Everyone was focused on the fact that consumers still buy plenty of DVDs and Blu-ray discs when the NPD Group published its 2012 Home Video Data report this week. It’s true: 61 percent of all U.S.-based transactional home video spending goes towards physical media, compared to 64 percent in 2011. But the real surprise to me was to see how much digital media Microsoft is moving these days.
Microsoft made a significant showing in the area of internet VOD, which is industry slang for those 24 or 48 hour video rentals you can get from iTunes, Vudu and others. That segment currently accounts for just 12 percent of total video-on-demand revenue, with 72 percent of the money coming from rentals through pay TV operators. But it’s an interesting segment, in part because it’s not dominated by just one or two players.
Apple’s iTunes does have a strong lead with 45 percent of all internet VOD revenue, according to NPD, but there’s a fierce competition going on for second place: Amazon Instant Video generated 18 percent of the industry’s revenue in this segment in 2012, followed by Walmart’s Vudu with 15 percent and Xbox video with 14 percent.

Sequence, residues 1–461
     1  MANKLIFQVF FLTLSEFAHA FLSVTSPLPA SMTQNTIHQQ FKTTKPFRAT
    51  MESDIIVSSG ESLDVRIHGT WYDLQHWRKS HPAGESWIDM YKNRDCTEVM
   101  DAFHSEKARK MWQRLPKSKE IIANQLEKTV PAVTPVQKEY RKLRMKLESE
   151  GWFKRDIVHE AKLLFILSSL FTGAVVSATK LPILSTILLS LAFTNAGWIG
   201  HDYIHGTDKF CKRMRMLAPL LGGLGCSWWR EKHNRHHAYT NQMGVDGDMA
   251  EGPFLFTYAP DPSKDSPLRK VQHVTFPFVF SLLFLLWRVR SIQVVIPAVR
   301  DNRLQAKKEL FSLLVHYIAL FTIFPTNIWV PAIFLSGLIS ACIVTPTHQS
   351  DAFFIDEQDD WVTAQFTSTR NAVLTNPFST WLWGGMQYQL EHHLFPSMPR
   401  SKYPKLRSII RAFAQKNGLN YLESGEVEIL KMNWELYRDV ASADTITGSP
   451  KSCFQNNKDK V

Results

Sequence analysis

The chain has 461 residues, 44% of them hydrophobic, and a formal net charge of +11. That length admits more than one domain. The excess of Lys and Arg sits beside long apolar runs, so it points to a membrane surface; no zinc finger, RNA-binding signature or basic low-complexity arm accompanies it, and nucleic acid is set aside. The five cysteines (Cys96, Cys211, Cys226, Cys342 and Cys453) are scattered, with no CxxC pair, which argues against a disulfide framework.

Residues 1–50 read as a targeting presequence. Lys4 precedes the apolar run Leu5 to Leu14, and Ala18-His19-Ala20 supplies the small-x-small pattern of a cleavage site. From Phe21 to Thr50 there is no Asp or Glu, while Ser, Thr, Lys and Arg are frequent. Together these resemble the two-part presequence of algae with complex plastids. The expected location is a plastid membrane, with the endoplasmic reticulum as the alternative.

That’s a pretty strong showing for Microsoft, considering that the company has just begun to put some more muscle behind its own video rental offering. Microsoft just recently unified all of its entertainment offerings under the Xbox brand and is now beginning to promote it as its home entertainment property across all of its Windows 8 platforms, as well as the Xbox 360. I wouldn’t be too surprised if Microsoft surpassed Vudu and maybe even Amazon by the end of this year for internet VOD rentals.
Of course, one has to look at these numbers with a grain of salt: NPD’s home video data focuses entirely on transactional spending, meaning that Netflix and competing subscription offerings don’t show up at all. That’s despite the fact that Netflix now has some 27 million subscribers in the U.S. alone. But subscriptions generally don’t offer access to movies right after they were in the theaters — and that’s an area in which Microsoft, with a pretty big installed device base, is starting to move a lot of media.